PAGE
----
Greek and Russian primates express mutual understanding and love between their Churches

Athens; Moscow, March 22, 2019

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Against the background of the trying times the Orthodox Church is currently facing, which threaten the unity of the Church, the Russian and Greek remain united in a bond of mutual admiration, respect, and love.

The primate of the Greek Orthodox Church His Beatitude Archbishop Ieronymos of Athens and members of the Holy Synod and the Greek Deputy Minister of Foreign Affairs visited the Russian embassy in Athens for a dinner party on Monday in honor of feast of the Triumph of Orthodoxy, reports

The meal is given every year for the first Sunday in Great Lent, though, as the Greek agency writes, “This year it is of particular importance because of the situation in Ukraine and the controversy between the Ecumenical Patriarchate and the Patriarchate of Moscow.”

Abp. Ieronymos offered thanks for the warm welcome and noted that “the peoples of Greece and Russia are fraternal peoples, and the Churches of Greece and Russia are connected by love and mutual understanding, based on the solid foundation of our common faith.”

Earlier, in the first week of Lent, a delegation from Greece headed by the Secretary of the Greek Church’s Synodal Department for Pilgrimages Archimandrite Spyridon (Katramados) visited Russia to participate in the 26th annual international tourism exhibition.

Having attended the Great Canon on Wednesday at Novospassky Monastery, read by His Holiness Patriarch Kirill of Moscow and All Russia, Archimandrite Spyridon conveyed Abp. Ieronymos’ good wishes to Pat. Kirill and expressed gratitude for the opportunity to travel to Russia.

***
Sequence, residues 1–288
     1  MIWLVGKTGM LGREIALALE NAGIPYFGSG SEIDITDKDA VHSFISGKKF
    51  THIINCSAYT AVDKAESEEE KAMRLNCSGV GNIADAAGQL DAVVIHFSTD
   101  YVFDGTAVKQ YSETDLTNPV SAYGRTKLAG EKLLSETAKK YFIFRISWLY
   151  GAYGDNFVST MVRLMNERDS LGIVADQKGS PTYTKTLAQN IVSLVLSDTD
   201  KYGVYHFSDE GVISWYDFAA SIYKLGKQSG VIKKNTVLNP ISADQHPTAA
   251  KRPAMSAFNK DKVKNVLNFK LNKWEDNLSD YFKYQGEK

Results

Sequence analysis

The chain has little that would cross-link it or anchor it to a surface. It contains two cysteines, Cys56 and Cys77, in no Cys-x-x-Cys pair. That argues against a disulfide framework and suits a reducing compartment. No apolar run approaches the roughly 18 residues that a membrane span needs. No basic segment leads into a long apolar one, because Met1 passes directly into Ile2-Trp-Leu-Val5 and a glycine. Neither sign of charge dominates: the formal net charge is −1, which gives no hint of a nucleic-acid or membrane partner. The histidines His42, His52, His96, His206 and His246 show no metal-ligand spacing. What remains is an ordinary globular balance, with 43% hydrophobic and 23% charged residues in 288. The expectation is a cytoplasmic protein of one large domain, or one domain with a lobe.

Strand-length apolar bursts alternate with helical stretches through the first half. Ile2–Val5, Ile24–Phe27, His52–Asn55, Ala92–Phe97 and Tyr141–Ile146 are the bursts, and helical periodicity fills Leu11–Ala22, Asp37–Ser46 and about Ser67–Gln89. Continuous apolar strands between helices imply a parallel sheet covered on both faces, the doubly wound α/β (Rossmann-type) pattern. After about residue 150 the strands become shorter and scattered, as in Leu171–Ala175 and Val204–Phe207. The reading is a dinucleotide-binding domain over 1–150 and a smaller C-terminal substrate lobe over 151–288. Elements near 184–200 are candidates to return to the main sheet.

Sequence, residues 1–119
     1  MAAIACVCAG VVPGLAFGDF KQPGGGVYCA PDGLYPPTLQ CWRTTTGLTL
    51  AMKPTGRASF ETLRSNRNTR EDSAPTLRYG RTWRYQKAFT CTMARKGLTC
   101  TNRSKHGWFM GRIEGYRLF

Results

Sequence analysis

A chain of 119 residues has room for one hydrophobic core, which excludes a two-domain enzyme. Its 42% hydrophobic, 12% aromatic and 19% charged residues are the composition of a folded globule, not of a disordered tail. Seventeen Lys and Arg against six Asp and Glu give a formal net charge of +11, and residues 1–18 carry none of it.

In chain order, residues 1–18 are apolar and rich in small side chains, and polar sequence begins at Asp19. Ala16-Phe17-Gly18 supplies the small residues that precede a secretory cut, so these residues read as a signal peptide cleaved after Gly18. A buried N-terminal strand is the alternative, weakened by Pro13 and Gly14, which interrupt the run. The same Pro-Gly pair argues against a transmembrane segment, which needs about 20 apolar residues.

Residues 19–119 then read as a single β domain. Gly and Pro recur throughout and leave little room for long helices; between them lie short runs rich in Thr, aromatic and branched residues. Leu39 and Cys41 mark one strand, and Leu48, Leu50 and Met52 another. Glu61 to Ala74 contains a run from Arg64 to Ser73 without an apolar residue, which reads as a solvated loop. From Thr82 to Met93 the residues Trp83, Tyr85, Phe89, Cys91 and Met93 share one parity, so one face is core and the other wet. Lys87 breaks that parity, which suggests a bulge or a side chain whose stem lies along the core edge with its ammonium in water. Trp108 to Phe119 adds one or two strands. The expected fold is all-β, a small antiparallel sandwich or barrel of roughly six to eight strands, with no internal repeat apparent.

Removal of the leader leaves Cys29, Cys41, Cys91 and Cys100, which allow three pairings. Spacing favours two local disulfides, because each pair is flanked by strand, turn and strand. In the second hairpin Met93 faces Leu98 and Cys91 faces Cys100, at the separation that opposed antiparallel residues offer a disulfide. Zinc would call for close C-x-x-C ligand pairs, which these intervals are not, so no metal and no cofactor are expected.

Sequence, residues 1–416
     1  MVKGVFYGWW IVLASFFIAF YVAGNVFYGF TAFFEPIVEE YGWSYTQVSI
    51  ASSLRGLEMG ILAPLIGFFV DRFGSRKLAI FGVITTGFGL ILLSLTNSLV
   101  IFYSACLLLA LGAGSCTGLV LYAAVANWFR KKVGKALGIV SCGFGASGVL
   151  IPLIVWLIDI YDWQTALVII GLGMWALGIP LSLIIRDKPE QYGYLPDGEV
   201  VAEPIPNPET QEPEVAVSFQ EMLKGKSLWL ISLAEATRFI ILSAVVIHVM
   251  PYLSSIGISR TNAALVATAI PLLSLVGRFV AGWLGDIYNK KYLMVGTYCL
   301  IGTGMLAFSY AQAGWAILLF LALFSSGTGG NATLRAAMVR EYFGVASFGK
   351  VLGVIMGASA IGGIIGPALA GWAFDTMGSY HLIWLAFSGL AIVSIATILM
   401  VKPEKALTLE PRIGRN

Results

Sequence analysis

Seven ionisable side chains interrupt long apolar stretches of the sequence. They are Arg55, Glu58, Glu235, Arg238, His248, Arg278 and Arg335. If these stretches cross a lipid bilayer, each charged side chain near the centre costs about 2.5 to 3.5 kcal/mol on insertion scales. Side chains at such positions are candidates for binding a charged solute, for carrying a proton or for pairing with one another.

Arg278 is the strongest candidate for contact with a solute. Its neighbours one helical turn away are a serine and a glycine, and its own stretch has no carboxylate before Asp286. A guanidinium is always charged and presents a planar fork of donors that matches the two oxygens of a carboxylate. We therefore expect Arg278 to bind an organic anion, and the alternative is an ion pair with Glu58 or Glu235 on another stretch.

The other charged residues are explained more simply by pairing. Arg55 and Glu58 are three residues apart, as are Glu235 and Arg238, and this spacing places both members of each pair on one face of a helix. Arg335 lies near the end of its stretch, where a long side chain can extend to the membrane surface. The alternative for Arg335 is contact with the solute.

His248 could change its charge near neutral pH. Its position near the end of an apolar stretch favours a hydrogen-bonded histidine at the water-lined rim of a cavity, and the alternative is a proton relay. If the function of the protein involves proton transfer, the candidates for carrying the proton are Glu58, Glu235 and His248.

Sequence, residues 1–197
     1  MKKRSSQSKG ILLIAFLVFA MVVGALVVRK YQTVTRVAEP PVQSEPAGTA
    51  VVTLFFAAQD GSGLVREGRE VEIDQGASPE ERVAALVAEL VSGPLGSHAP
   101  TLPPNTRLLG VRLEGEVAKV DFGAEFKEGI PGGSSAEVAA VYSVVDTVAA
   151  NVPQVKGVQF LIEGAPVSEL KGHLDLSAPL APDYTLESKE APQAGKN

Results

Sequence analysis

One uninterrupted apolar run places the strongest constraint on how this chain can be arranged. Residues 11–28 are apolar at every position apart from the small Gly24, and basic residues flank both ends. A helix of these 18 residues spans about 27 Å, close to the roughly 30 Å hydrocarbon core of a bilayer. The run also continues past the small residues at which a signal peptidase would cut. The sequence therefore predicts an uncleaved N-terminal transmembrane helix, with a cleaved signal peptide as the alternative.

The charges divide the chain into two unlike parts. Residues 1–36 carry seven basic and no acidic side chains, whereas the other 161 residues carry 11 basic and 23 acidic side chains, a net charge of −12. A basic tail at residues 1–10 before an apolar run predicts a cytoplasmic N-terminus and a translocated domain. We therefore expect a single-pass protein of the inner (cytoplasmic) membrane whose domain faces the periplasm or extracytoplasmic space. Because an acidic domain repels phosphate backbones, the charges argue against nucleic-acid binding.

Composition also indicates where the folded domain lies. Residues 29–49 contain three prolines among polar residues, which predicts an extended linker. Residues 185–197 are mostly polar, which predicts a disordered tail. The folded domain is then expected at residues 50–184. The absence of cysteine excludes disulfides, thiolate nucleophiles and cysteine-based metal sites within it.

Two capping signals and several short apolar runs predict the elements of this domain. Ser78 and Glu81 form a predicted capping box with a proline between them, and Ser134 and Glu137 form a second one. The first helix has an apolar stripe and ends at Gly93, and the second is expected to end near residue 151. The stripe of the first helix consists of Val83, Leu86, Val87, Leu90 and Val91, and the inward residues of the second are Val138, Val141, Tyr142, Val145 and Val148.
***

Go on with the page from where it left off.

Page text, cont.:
And addressing the Greek pilgrims, the Russian primate said, “We are brothers, brothers in faith. We belong to the one Orthodox Church. May the Lord preserve the Orthodox Church in unity, and our peoples in faith and piety,” reports the press service of the Russian Orthodox Church.

As a sign of this friendship and love between the Greek and Russian peoples, a solemn event dedicated to the day of Greek independence will be held in the hall at Moscow’s Christ the Savior Cathedral. The program will include congratulations and honors for those who have contributed to the development of Greek-Russian relations in the fields of culture, academics, and diplomacy.

Among the many honored guests will be His Eminence Metropolitan Athanasios of Cyrenaica, the representative of the Patriarchate of Alexandria to the Patriarchate of Moscow and head of the Moscow Society of Greeks.

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